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What to look for in a family car

Of all of the life events the predicate a new car purchase, a growing family is the most terrifyingly exciting.

Here at Autoblog, we're parents as well as car lovers. We've chucked our own children into these cars. Strapped in their car seats. Loaded their strollers. Changed diapers on tailgates. Cleaned stuff off the seats and the carpets. Based on our evaluations, these are the best cars for families, especially ones who still have a kid in a car seat.

Don't like any of our suggestions? Read on for a handy list of things to look out for when shopping for your new family car.

  • Image Credit: Honda

Honda CR-V

Honda CR-V:

This is a no-brainer. Honda does family-friendly functionality like nobody else and the CR-V is a shining example of this. The 2017 model gets two inches more rear legroom which, in practice and paired with the rear doors that open 90-degrees, makes loading carseats a breeze. That it offers center LATCH mounts is gravy. The CR-V also has available height-adjustable power liftgate, keyless entry and ignition and a suite of active safety features dubbed "Honda Sensing."

Research the 2017 Honda CR-V
  • Image Credit: Chrysler

Chrysler Pacifica Hybrid

Chrysler Pacifica Hybrid:

That we had a difficult time deciding between the Pacifica Hybrid and the Honda Odyssey shows just how far Chrysler has come with its new minivan. On its own, the Pacifica minivan is very, very good. It's a phenomenally useful package that's prettier than any minivan needs to be with interior materials and build quality that rival the best in class. The power sliding doors and liftgate that seem silly to your younger self are transformative when paired with an armful of wriggling baby. But that's old hat for minivans, what really sets the Pacifica apart is the powertrain. This plug-in hybrid mininvan is capable of an EPA-estimated 33 miles on electricity and a total range of 570 miles. Not only is this distance lower than the average commute, but the ability to refuel from the quiet of home can only be appreciated by those who have had to stop for gas with a screaming baby. Oh, and of course there's a build-in vacuum.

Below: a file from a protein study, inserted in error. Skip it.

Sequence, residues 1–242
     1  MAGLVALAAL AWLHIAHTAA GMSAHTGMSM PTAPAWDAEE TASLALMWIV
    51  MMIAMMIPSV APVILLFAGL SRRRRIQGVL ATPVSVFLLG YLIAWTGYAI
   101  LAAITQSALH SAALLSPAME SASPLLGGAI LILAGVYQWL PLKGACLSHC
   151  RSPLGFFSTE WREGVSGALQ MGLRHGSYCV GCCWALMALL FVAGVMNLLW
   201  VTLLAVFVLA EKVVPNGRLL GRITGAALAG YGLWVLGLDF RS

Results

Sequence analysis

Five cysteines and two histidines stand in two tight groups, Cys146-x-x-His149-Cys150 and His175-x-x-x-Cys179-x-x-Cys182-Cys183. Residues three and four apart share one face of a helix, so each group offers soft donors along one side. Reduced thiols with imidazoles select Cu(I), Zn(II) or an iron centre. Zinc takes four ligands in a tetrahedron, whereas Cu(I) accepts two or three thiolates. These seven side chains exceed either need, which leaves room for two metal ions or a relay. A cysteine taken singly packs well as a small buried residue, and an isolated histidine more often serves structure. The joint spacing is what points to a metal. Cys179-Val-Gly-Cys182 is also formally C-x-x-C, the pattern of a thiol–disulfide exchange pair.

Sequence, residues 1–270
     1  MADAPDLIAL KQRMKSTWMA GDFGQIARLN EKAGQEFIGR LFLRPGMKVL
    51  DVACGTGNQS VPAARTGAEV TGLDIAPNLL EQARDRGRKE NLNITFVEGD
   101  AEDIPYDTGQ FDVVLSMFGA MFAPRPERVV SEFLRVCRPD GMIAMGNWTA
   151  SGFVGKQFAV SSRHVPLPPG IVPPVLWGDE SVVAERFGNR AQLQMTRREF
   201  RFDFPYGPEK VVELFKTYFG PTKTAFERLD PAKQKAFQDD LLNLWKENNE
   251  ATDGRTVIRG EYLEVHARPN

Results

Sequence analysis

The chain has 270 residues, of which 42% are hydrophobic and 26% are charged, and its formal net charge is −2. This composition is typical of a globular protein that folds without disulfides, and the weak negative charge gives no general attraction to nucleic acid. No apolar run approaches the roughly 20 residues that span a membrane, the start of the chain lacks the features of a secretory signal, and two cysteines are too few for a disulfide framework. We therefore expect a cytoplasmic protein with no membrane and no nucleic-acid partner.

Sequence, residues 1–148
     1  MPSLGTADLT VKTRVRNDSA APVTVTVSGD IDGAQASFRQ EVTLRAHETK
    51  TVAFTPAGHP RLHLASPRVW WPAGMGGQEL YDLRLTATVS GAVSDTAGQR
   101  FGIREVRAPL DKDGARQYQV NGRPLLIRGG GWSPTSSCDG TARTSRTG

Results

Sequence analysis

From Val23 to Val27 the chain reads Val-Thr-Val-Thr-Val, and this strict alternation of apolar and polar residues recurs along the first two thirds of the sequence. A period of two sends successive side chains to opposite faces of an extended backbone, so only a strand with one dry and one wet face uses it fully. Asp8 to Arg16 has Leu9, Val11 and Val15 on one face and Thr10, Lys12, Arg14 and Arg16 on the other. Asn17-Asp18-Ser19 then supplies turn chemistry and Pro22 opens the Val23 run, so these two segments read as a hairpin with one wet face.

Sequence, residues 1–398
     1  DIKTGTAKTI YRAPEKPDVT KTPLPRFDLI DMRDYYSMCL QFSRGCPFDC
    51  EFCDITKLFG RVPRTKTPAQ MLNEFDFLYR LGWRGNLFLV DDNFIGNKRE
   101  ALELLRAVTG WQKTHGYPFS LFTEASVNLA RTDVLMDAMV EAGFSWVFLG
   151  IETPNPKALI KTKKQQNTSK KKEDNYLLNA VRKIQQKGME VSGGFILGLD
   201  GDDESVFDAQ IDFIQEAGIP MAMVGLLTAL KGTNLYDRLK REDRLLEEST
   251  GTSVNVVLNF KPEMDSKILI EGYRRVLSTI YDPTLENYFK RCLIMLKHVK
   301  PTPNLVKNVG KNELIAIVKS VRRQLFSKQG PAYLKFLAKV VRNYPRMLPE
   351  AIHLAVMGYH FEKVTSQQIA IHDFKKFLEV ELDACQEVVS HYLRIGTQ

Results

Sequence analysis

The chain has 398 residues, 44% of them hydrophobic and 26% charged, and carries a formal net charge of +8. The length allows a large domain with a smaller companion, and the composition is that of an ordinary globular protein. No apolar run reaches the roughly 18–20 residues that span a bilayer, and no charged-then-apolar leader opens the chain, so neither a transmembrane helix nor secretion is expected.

Research the 2017 Chrysler Pacifica
  • Image Credit: Subaru

Subaru Impreza

Subaru Impreza:

While we highly recommend the two choices already covered, we get that not everyone has the space, desire or budget for a crossover or minivan and for those parents there is the all-new Subaru Impreza. Like the CR-V, the new Impreza got a boost in rear legroom that makes a world of difference for parents. But the new Impreza has more to offer than just rear space. Eyesight, Subaru's available advanced safety system, offers collision mitigation with full-force braking. All-wheel drive is standard. There's an available five-door hatchback. A manual transmission is available. It can return up to 32 mpg combined according to the EPA. And, finally, it starts around $20,000.

Research the 2017 Subaru Impreza
  • Image Credit: Paul Bradbury

What To Look For When Shopping for a New Family Car:

  • Rear seat space: Check how wide the door opens and whether or not the pillar gets in the way of loading a kid/car seat. Make sure the passenger seat has some space with a car seat installed.
  • Rear seat height: We favor crossovers to wagons for most parents because the added seat height makes loading kids easier.
  • Cargo space: Already have your stroller? Take it shopping with you. They don't all fit in all cargo spaces. Even some crossovers have trouble.-Cargo load height: Another reason we like crossovers. Using the cargo hold as a diaper changing station and trying to load a heavy diaper bag is easier with a slightly higher floor. Watch out that it's not too high, though.
  • Advanced safety tech: Babies and children can be shockingly distracting, let a suite of computers and sensors help you out. Forward crash detection/mitigation is a wonderful support system.
  • Keyles entry/ignition: Think this is just a luxury item? Ever try to dangle a set of keys in front of an infant and then take them away? Or try to fish keys out of your pocket with one hand full of infant and another of half-chewed banana?
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